(WHO, 2007; WHO, 2003; see also Ethical Guidelines section).     

Principles for interviewing survivors of sexual assault (International Association of Chiefs of Police)

Respect the survivor’s immediate priorities.

  • Attend to the immediate health and safety concerns and questions about reporting and the criminal justice process before beginning the interview.

  • Survivors have a right to accept or decline all services. This does not mean that a thorough investigation should not be conducted.

Build a rapport with the victim.

  • Victims may know little about the investigative process and may find the criminal justice system confusing, intimidating, or even frightening. Explain all processes during each step of the interview and investigation. This creates transparency and trust, while helping to restore the survivor’s sense of control.

  • Assure the survivor that they will not be judged and that the information reported is being taken seriously.

  • Survivors of sexual assault may blame themselves. Reassure them that, regardless of their behaviour, no one has the right to assault them.

Ask the survivor if they would like to have a support person present for the interview.

  • It is best practice to allow victims to have an advocate or a support person of their choosing present during the medical exam and/or law enforcement interview.

  • Provide victims with written contact information for community referrals.

Recognize the impact of trauma and how this affects an individual’s behaviour.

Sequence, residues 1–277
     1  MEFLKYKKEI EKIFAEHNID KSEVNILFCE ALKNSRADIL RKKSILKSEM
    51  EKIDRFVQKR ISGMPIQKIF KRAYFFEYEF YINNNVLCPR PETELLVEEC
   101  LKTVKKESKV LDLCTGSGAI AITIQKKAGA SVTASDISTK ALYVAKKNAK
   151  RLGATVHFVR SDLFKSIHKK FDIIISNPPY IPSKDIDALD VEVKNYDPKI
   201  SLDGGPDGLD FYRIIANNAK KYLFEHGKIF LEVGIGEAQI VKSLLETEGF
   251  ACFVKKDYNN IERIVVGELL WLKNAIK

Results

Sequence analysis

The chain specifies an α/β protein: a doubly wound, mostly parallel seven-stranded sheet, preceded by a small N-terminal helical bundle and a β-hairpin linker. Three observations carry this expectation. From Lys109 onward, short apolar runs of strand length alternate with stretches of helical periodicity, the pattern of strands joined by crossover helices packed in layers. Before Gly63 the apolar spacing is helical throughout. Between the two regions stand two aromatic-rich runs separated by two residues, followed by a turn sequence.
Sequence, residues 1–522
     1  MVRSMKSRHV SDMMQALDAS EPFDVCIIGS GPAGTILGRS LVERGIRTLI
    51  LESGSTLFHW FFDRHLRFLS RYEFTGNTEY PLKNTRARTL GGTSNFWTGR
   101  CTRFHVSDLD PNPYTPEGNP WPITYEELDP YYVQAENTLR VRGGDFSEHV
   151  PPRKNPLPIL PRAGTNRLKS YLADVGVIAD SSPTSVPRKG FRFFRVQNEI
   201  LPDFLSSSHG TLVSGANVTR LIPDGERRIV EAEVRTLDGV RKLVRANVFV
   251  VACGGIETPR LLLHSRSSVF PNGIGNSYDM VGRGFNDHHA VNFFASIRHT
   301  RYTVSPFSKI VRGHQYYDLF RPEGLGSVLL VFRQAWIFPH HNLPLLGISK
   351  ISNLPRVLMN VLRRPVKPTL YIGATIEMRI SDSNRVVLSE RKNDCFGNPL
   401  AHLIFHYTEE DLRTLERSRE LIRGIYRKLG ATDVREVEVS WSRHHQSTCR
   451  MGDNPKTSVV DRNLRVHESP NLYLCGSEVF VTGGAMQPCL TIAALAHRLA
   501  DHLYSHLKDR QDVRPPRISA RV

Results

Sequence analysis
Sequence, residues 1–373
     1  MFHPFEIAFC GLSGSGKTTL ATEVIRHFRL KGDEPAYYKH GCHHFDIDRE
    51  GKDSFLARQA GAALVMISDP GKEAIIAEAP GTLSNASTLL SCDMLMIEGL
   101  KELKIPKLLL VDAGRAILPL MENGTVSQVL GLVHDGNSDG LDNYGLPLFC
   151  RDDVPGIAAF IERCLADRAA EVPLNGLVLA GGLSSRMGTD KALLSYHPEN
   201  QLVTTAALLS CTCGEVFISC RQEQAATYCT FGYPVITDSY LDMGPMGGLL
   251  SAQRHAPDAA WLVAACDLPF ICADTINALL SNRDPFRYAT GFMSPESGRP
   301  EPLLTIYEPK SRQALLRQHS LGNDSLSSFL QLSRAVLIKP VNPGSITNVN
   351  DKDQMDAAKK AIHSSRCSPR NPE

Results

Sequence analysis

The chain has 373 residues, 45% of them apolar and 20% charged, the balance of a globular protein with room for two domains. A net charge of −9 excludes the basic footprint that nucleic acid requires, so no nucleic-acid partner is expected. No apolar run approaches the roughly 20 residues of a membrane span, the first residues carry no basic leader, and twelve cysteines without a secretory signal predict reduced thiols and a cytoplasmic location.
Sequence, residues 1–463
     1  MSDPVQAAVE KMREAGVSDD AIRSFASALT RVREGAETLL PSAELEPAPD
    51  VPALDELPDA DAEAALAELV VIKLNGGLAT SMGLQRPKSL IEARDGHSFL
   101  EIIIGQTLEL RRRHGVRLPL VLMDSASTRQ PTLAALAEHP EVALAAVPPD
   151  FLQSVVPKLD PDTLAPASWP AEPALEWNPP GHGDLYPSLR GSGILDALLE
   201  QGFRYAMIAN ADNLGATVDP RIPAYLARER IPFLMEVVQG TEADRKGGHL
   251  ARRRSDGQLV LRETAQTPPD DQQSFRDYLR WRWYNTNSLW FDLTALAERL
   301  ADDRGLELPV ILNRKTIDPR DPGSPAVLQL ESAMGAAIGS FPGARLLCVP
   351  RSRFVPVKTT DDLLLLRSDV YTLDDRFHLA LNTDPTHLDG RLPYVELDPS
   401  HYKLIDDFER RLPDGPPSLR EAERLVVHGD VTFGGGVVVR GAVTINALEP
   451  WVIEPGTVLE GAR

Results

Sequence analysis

• Survivors of sexual assault may not report to law enforcement. Of the survivors who report, the majority do so after some delay. A delay in reporting should never deter a thorough investigation.

  • Survivors may experience difficulty remembering all the details of the assault due to traumatic response. This does not mean they are lying or leaving out details intentionally. Often with time and as trauma recedes, details emerge.

  • After sufficient time to conduct a thorough investigation, schedule a follow-up interview to gather any information that may have missed or not recalled earlier. Caution should be taken as this might re-traumatize the survivor and may not always be possible.

Provide victims with information on how to obtain medical treatment and undergo a forensic exam.

  • Explain the medical significance of a sexual assault forensic examination, including testing for sexually transmitted infections and HIV.

  • Notify the survivor of nearby locations where a sexual assault forensic examination is available. If possible, provide transportation to a local rape crisis centre or hospital.

  • Should a survivor initially decline a forensic medical examination, provide information as to where they may obtain an exam at a later time.

  • Physical evidence can be collected up to 120 hours (in some contexts) following a sexual assault. The survivor should be advised, however, that critical physical evidence and documentation of injuries may be lost with a delayed exam.

Do not pressure the survivor to make any decisions regarding participation in the investigation or prosecution during the initial interview or start of the investigation.

  • Sexual assault survivors are often reluctant to actively participate with case proceedings. Document any information shared, as this may aid in the identification and apprehension of a serial offender.

  • Pressuring a reluctant survivor to sign a form stating that they are not interested in prosecution and will not hold the agency accountable for stopping the investigation is poor practice and is potentially damaging to an agency.

  • Survivor follow-up builds trust with victims and sends a message to the community about the seriousness with which an agency handles sexual assault crimes.

Excerpt adapted from: IACP. 2005. “Sexual Assault Incident Reports: Investigative Strategies”.